private collection:any;
  private differ:IterableDiffer;

  constructor(private changeDetector:ChangeDetectorRef,
              private differs:IterableDiffers,
              private template:TemplateRef) {
  }

  // ...
}

Another service, called a view container can then be used to instantiate and attach instances of the template. We can inject it too, as a ViewContainerRef object:

import {
  ChangeDetectorRef,
  Directive,
  DoCheck,
  IterableDiffer,
  IterableDiffers,
  TemplateRef,
  ViewContainerRef
} from 'angular2/core';

@Directive({
  selector: '[forAnyOrder]',
  inputs: ['forAnyOrderOf']
})
export class ForAnyOrder implements DoCheck {
  private collection:any;
  private differ:IterableDiffer;

  constructor(private changeDetector:ChangeDetectorRef,
              private differs:IterableDiffers,
              private template:TemplateRef,
              private viewContainer:ViewContainerRef) {
  }

  // ...

}

Now, for each added item, we use the view container and the template together to construct and attach a new view:

ngDoCheck() {
  if (this.differ) {
    const changes = this.differ.diff(this.collection);
    if (changes) {
      changes.forEachAddedItem((change) => {
        this.viewContainer.createEmbeddedView(this.template);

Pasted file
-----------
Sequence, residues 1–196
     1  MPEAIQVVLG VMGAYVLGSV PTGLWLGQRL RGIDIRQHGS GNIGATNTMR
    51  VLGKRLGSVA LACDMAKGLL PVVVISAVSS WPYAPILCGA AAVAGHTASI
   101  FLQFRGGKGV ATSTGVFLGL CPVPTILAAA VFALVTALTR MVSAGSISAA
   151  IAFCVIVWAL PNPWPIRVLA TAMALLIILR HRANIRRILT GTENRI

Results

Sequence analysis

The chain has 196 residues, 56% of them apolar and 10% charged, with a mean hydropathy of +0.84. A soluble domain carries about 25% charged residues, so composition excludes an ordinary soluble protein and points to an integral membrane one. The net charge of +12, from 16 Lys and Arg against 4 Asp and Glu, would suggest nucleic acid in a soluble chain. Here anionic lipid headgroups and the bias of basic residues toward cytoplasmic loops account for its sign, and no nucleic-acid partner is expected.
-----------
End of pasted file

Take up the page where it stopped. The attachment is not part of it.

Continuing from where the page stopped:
});
      changes.forEachRemovedItem((change) => {
      });
    }
  }
}

One crucial thing still missing from this is the link between the view and the collection item that should be bound to that view. (In our example, that would correspond to the local variable declaration "#thing" in the generated <template> element that we saw earlier). There's a special local variable called $implicit that connects these together. We should introduce it into the new view using the collection item as the value.

ngDoCheck() {
  if (this.differ) {
    const changes = this.differ.diff(this.collection);
    if (changes) {
      changes.forEachAddedItem((change) => {
        const view = this.viewContainer.createEmbeddedView(this.template);
        view.setLocal('\$implicit', change.item);
      });
      changes.forEachRemovedItem((change) => {
      });
    }
  }
}